Proposed Tuition Hike at the University of Guelph

Tuition increases are inevitable in Ontario. Universities are underfunded and now another factor is put in the mix: a drop in enrollment due to demographic shifts. 

From The Ontarion:

Students are troubled by proposed tuition hike

Potential increases in cost of education face backlash

For those of us that have been in university for a few years now, tuition increases approved by the University of Guelph’s Board of Governors have been an observable trend. Recently, it was reported that the University of Guelph plans to once again increase tuition by the maximum amount allowed in Ontario. This time, it is said to be due to the predicted drop in enrollment by about 300 students next year.

May Warren of the Guelph Mercury reported that this dip in the University of Guelph’s enrollment is symptomatic to a demographic shift and decrease of 18 to 20-year-olds in Ontario. This trend is expected to continue until at least 2021, when the number of students is expected to level 2013 numbers by 89 per cent.

Serge Desmarais, Interim Provost and Vice-President Academic, announced that due to the drop, it’s been proposed to raise tuition by about three per cent to compensate for loss of revenue. Decisions on the proposal will be made on April 16, when it will go to U of G’s Board of Governors for considerations.

This hike in tuition to offset drop in enrollment is alarming for students returning in the fall semester.

“Increasing tuition fees are not a result of declining enrollment,” says Peter Miller, Central Student Association (CSA) University Affairs Commissioner. “The Board of Governors has voted to increase tuition fees each year since 2006.”

“The Board of Governors should vote to not raise tuition fees and not make budget cuts,” continued Miller. “They need to instead take a public and definite stance, with the students and workers of the University of Guelph, in calling on the provincial and federal governments to increase funding to our education system.”

Miller also referred to Communications and Corporate Affairs Commissioner Sonia Chwalek’s analysis on the underfunded state of universities in Ontario.

“Ontario has the highest tuition fees in the country, largely as a result of chronic underfunding,” said Chwalek. “The increasing privatization and corporatization of universities [is something] we should be extremely concerned about.”

“Tuition fees provide for over half of the funding of universities’ operation budgets, where once the provincial government provided approximately 75 per cent of funding,” Miller added. “Chronic underfunding has severely decreased the accessibility and quality of our education, and it is not sustainable.”

Provincial underfunding, as a counterpoint to the argument of a demographic shift in Ontario’s population, could easily make students weary about the increase.

Loss of revenue brought by a decrease in enrollment should be questioned by the surpluses U of G has seen since 2011. Miller referred to the University of Guelph Faculty Association Financial Analysis, which can be found online. The analysis reported that U of G saw a $25 million surplus in 2011, and a $26 million surplus in 2012.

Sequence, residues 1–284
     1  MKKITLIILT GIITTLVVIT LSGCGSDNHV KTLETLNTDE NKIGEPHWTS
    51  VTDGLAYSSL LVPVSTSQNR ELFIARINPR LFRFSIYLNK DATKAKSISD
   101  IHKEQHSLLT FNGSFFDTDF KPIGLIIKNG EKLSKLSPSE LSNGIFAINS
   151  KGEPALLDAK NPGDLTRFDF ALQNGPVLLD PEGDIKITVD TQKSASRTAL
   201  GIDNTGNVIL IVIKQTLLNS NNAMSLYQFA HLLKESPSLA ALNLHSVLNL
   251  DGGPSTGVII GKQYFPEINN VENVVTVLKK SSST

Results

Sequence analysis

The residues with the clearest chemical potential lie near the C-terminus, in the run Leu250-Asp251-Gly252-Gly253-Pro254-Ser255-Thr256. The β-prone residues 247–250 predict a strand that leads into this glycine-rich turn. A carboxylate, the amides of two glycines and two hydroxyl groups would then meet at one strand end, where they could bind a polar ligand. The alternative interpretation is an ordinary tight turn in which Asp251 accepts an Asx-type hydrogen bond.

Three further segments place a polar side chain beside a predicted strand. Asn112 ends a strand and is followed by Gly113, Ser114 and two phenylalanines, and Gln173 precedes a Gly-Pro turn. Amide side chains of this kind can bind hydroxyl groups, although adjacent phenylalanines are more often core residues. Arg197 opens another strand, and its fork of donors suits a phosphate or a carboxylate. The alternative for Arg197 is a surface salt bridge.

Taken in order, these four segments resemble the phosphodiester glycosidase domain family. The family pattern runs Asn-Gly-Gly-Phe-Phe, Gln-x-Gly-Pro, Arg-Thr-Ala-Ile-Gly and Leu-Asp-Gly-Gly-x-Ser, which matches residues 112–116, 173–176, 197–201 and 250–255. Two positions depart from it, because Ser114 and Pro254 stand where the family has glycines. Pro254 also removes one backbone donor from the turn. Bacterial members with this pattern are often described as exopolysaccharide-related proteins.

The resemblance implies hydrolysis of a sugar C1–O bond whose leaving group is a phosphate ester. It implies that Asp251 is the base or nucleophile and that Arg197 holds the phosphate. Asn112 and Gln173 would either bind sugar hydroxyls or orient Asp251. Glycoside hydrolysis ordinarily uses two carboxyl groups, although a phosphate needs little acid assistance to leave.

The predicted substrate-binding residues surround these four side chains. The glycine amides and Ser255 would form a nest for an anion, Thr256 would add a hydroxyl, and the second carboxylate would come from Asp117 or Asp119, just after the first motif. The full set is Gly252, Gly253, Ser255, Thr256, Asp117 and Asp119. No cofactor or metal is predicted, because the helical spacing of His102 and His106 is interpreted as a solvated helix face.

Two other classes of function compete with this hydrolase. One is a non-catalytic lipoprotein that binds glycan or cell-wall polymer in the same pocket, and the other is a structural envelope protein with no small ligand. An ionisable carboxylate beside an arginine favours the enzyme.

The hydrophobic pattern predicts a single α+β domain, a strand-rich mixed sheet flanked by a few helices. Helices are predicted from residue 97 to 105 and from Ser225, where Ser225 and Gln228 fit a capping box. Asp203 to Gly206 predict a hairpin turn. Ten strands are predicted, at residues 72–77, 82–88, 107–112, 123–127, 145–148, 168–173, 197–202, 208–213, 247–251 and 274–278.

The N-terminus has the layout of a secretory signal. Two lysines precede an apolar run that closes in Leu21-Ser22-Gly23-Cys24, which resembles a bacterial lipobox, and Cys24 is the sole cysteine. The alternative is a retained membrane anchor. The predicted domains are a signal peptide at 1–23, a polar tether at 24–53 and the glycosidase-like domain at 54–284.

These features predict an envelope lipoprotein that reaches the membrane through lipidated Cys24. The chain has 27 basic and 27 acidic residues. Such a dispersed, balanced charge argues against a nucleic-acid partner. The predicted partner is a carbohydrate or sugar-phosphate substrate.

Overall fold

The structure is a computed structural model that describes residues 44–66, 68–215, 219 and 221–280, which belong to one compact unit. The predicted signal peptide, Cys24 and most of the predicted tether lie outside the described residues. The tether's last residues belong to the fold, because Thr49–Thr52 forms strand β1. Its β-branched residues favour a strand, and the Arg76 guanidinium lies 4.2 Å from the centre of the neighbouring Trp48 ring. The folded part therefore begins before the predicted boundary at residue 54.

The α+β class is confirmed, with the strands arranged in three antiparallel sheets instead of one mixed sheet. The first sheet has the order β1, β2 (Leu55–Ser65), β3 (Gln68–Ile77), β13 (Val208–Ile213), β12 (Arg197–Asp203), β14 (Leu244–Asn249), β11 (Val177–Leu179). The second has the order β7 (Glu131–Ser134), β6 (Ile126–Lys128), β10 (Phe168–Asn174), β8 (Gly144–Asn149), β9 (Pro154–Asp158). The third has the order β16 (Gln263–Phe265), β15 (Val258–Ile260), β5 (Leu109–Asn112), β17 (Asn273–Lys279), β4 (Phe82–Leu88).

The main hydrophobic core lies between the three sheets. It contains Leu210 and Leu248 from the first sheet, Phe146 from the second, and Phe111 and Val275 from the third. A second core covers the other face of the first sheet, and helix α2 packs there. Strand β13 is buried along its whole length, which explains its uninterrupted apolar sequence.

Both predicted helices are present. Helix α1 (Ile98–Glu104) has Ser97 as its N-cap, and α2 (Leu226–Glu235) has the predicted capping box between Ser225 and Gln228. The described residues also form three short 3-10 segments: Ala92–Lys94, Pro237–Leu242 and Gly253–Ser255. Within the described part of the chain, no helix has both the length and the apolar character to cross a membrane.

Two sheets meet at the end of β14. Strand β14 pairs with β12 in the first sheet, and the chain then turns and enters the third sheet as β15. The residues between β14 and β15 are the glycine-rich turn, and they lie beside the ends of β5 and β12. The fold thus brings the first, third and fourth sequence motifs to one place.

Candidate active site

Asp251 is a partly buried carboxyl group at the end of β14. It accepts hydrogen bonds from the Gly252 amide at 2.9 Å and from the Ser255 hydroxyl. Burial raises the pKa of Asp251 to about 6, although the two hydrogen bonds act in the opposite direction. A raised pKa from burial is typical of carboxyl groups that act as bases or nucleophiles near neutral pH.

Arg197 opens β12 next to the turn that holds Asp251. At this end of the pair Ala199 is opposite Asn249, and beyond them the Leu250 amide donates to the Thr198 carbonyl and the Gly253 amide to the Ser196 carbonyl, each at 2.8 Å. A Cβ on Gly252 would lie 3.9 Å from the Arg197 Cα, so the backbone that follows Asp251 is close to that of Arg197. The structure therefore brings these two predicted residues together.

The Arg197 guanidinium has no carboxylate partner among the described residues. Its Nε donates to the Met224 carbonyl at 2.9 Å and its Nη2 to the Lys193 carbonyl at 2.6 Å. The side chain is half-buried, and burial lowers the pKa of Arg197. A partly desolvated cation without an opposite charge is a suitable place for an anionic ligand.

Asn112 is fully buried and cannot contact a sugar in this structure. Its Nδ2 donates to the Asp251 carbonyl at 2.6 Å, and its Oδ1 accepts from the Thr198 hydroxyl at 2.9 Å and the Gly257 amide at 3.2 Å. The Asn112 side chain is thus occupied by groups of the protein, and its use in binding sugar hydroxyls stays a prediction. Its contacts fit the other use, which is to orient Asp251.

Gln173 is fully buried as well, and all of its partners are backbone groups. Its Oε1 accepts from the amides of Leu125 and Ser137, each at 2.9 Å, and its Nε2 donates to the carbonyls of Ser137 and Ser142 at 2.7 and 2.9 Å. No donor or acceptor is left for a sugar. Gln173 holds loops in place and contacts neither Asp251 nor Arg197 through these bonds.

“Treating U of G like a private business is resulting in larger class sizes, cuts to the diversity of programming offered, and increasingly precarious working conditions for those who teach at and maintain this University,” Chwalek concluded.

The increase in tuition, in the midst of budget cuts and growing student debt, could undermine the quality of education many students expect from a postsecondary institution. The Pay More Get Less campaign – organized by a coalition of the CSA, CUPE 1334 and 3913, OPIRG Guelph, and the Guelph Student Mobilization Committee – is working to involve students in demanding a freeze in tuition fees and an end to budget cuts at U of G.

“Students can get involved […] by joining the Pay More Get Less campaign’s action on April 16,” said Miller. “We will be gathering to go to the Board of Governors meeting, where the budget will be finalized, and voice our opposition to tuition fee increases and budget cuts.”

Students who are interested in learning more about 2015-16 proposed budget can request to attend the Board of Governors meeting via email, or gather at 1 p.m. in the UC courtyard with supporters of the Pay More Get Less campaign.

Clinton E-mail Conundrum

Although Hillary Clinton's use of private e-mail addresses had been reported ad nauseam, here is my take on the matter if you're out of the loop.

From The Ontarion's March 12th issue.

On Monday, March 2, The New York Times reported that Hillary Clinton had potentially violated federal law in her use of a private email server for both personal and official business during her time as Secretary of State. Since then, Clinton has received intense scrutiny over her use of a personal email account during her tenure as Secretary of State.

The Times reported that, “under federal law, letters and emails written and received by federal officials, such as the Secretary of State, are considered government records and are supposed to be retained so that congressional committees, historians, and members of the news media can find them.”

The Times coverage set in motion critical media attention on Clinton’s lack of transparency. Many have speculated a link to national security and her Democratic nomination for president.

Continued here